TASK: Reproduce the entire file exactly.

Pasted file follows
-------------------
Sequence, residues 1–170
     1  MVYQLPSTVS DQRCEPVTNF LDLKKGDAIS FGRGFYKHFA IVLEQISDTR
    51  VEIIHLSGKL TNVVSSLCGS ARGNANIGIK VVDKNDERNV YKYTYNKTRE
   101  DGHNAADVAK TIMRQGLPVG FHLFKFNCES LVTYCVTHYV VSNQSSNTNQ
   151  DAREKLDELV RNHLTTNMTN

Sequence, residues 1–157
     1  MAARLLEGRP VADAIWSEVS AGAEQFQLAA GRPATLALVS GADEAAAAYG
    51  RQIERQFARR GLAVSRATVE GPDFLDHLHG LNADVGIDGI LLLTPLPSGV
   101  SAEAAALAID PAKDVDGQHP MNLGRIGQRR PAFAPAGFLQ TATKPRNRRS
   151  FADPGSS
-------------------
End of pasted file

Sequence, residues 1–170
     1  MVYQLPSTVS DQRCEPVTNF LDLKKGDAIS FGRGFYKHFA IVLEQISDTR
    51  VEIIHLSGKL TNVVSSLCGS ARGNANIGIK VVDKNDERNV YKYTYNKTRE
   101  DGHNAADVAK TIMRQGLPVG FHLFKFNCES LVTYCVTHYV VSNQSSNTNQ
   151  DAREKLDELV RNHLTTNMTN

Sequence, residues 1–157
     1  MAARLLEGRP VADAIWSEVS AGAEQFQLAA GRPATLALVS GADEAAAAYG
    51  RQIERQFARR GLAVSRATVE GPDFLDHLHG LNADVGIDGI LLLTPLPSGV
   101  SAEAAALAID PAKDVDGQHP MNLGRIGQRR PAFAPAGFLQ TATKPRNRRS
   151  FADPGSS